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The 2K International Writers’ Blog Tour – Interview with Kate Evans

Kate Evans

2K International Writer's Blog Tour

First stop on the blog tour is with Co-Host Kate Evans. Tomorrow we’ll meet Kate Colby.

Kate Evans

I am a writer of fiction, non-fiction and poetry, currently living in Scarborough, North Yorkshire. My book, Pathways Through Writing Blocks in the Academic Environment, was published by Sense Publishers in 2013. I have an MA in Kate EvansCreative Writing from Sussex University and teach on the Degree in Creative Writing at the University of Hull, Scarborough campus. I have created two art installations using words and images for the local festival Coastival, one inspired by the work of Edith Sitwell.  The Art of the Imperfect, the first in my crime series set in Scarborough, was indie published in December 2014. My crime fiction is inspired by Ruth Rendell, Minette Walters and Ann Cleeves, though one reviewer thinks I write like Hilary Mantel. I am trained as a psychotherapeutic counsellor. I love walking by the sea and afternoon tea.

 What is the first piece you remember writing (from childhood or young adulthood)?

Initially I struggled at school with reading and writing. I had to have extra classes, working my way through the Ladybird readers, right up to number 12 (when most people stopped at 5 or 6 and went onto real books). However, by my early teens, I’d obviously found my stride; we read Alan Paton’s Cry the Beloved Country in class and our homework was to write something inspired by it. I wrote a short story imaging what would happen if two of the main characters who were children in the book met up as adults in an airport lounge in London. I remember the teacher praising it and thinking, oh well, maybe this is something I can do. It was also my initiation into the writer’s question: what if?

What is your favorite aspect of being a writer? Your least favorite?

I love the freedom, as a writer I can go anywhere, be anyone, explore, explore. I get completely lost in my writing at times, and even when I’m not writing, there is a parallel universe in my head which I can dip into and enjoy. My least favourite part is probably the struggle to find an audience. Despite there being so many more ways to reach readers, it’s still difficult for an unknown to get heard.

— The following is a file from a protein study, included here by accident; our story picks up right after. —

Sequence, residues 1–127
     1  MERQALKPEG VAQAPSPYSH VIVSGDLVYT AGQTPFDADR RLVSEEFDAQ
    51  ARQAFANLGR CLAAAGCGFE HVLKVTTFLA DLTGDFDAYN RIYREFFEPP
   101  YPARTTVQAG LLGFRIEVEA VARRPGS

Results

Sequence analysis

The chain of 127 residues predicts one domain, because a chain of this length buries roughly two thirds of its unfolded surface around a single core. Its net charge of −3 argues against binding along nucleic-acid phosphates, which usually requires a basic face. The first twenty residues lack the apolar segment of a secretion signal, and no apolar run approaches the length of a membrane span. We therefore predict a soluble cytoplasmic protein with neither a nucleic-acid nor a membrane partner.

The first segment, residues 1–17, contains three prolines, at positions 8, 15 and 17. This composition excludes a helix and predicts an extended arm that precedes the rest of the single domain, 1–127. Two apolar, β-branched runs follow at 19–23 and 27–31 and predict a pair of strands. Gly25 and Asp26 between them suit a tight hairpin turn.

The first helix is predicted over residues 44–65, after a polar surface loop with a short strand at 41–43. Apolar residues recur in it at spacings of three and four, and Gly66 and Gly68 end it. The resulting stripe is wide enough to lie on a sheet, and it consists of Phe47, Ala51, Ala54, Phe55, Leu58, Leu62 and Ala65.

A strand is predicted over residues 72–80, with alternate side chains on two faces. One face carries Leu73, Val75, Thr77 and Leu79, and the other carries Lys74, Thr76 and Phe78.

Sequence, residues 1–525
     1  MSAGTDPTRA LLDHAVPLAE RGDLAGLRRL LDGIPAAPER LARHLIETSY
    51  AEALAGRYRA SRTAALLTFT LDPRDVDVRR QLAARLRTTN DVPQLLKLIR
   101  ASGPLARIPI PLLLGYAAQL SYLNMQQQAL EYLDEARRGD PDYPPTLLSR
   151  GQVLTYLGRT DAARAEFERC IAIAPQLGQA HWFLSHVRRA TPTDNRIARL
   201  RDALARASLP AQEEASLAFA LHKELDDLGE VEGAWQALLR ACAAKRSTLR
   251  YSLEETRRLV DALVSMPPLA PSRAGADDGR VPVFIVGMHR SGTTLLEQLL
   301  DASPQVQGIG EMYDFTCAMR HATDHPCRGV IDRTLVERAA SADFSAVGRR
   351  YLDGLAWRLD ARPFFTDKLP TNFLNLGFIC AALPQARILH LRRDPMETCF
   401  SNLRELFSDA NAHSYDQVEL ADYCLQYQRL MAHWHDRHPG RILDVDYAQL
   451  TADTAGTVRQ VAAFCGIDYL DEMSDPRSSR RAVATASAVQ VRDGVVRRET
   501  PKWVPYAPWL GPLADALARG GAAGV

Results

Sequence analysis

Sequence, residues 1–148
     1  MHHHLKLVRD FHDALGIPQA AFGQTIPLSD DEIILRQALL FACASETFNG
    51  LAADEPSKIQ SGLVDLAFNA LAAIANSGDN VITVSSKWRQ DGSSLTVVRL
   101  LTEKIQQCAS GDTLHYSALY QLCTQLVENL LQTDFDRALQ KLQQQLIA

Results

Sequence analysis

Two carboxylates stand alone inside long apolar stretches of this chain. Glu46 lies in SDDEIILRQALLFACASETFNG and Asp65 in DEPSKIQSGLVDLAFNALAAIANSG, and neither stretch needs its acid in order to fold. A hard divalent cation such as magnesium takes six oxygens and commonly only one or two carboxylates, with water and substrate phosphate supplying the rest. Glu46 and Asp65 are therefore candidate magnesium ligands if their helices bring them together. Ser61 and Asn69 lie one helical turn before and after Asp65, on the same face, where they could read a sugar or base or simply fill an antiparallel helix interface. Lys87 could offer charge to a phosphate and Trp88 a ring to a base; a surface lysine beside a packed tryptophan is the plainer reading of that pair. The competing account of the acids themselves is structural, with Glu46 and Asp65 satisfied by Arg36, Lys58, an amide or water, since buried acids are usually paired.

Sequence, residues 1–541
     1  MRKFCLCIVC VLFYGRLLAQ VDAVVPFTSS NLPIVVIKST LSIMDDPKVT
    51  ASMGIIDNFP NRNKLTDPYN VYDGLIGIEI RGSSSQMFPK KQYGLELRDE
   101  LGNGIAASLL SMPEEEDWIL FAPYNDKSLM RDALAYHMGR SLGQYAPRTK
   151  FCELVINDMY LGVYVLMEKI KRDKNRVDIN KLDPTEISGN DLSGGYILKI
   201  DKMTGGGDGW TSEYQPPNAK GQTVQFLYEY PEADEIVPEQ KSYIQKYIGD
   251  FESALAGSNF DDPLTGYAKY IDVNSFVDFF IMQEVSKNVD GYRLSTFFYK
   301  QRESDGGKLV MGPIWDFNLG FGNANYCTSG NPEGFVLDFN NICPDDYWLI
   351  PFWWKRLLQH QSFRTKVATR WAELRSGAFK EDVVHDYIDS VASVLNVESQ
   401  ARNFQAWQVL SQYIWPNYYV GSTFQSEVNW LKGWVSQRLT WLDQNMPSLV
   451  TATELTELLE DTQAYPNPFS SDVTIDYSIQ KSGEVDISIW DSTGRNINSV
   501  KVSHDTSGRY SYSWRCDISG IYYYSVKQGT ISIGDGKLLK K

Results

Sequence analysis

Do you believe in writer’s block? If so, what is your best tip for beating it? If not, why not?

I do believe in writer’s block, I wrote a book about it! I also have times when I have to face my own demons which want to stop me from writing. These are mainly to do with the fear of putting myself out there, or being seen, and the shame this induces, shame which comes from way, way back in my childhood. Would it be ungracious to say my best tip would be to read my book? I think, knowing oneself, knowing one’s creative process, reading, having a writing routine and getting support from other writers are the main things which help.

 What is your current writing project? What is the most challenging aspect of your current writing project?

I am writing a series of crime novels based in Scarborough which explore themes of mental health/illness and marginalisation. I indie published my first, The Art of the Imperfect, in December 2014. Number two, The Art of Survival, has been through several drafts and had feedback, so is waiting for the final craft/edit. Intended publication date will be Autumn 2015. Number three, The Art of Breathing, is moving towards a first draft, and I would hope to publish in 2016. I also have two more in my head. The biggest challenge will be/is finding an audience and keeping motivated if I don’t have the sales I would like.

 What supports you in your writing?

Other writers, both here in the UK who I can meet face-to-face, and those who I have got to know on-line. They are good for advice, motivation and encouragement. I choose very carefully who I ask for feedback from, I think there needs to be an understanding of what I am trying to achieve and also an honesty without brutality. I tend to ask for feedback from writers who I can help in one way or another, it’s a lot to ask someone to close read over 60,000 words for nothing.

 What are you currently reading?

I decided to read what is reckoned to be one of the first crime novels published in the UK, Wilkie Collins’s ‘Moonstone’. I am rather regretting it as it is long, slow and verbose. However, I do want to know what happens, so am doing a bit of skimming to get to the end.

Where can our readers find you and your books online?

www.writingourselveswell.co.uk

The Art of the Imperfect Book Jacket

The Art of the Imperfect is available in paperback and on Kindle on Amazon.co.uk http://goo.gl/5r9WBv and Amazon.com http://goo.gl/GsQ6a8

 

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The 2K International Writers’ Blog Tour – Interviews with Writers

2K International Writer's Blog Tour
2K International Writers' Blog Tour

Tune in for a month of interviews with The 2K International Writers’ Blog Tour

Do you enjoy picking the brains of other writers? I’ve become obsessed. True, sometimes it’s procrastination rearing its ugly head but more often, I know I have a lot to learn and what better way than from another writer? Tomorrow, The 2K International Writers’ Blog Tour gets underway. Hosted by Kate Evans and Kate M. Colby, every day in February (except Sundays), you can tune in to read interviews with writers from around the globe.

Tomorrow we will start with one of the Kates!